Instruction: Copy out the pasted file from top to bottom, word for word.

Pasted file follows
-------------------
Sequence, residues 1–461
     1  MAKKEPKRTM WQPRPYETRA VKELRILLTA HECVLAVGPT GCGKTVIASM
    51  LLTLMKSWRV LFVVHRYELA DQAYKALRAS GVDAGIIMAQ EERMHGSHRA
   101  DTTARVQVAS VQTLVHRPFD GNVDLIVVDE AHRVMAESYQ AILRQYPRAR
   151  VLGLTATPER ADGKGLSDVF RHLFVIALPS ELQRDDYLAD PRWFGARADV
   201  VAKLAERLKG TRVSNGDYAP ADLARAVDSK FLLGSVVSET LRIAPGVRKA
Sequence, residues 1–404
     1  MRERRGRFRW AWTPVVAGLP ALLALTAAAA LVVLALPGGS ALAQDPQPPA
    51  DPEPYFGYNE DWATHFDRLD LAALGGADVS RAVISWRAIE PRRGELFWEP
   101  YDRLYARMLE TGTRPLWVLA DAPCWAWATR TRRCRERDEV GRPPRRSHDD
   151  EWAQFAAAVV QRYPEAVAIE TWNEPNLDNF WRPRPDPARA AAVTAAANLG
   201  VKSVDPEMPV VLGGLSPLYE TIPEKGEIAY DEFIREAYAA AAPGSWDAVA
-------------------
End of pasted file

Sequence, residues 1–461
     1  MAKKEPKRTM WQPRPYETRA VKELRILLTA HECVLAVGPT GCGKTVIASM
    51  LLTLMKSWRV LFVVHRYELA DQAYKALRAS GVDAGIIMAQ EERMHGSHRA
   101  DTTARVQVAS VQTLVHRPFD GNVDLIVVDE AHRVMAESYQ AILRQYPRAR
   151  VLGLTATPER ADGKGLSDVF RHLFVIALPS ELQRDDYLAD PRWFGARADV
   201  VAKLAERLKG TRVSNGDYAP ADLARAVDSK FLLGSVVSET LRIAPGVRKA
Sequence, residues 1–404
     1  MRERRGRFRW AWTPVVAGLP ALLALTAAAA LVVLALPGGS ALAQDPQPPA
    51  DPEPYFGYNE DWATHFDRLD LAALGGADVS RAVISWRAIE PRRGELFWEP
   101  YDRLYARMLE TGTRPLWVLA DAPCWAWATR TRRCRERDEV GRPPRRSHDD
   151  EWAQFAAAVV QRYPEAVAIE TWNEPNLDNF WRPRPDPARA AAVTAAANLG
   201  VKSVDPEMPV VLGGLSPLYE TIPEKGEIAY DEFIREAYAA AAPGSWDAVA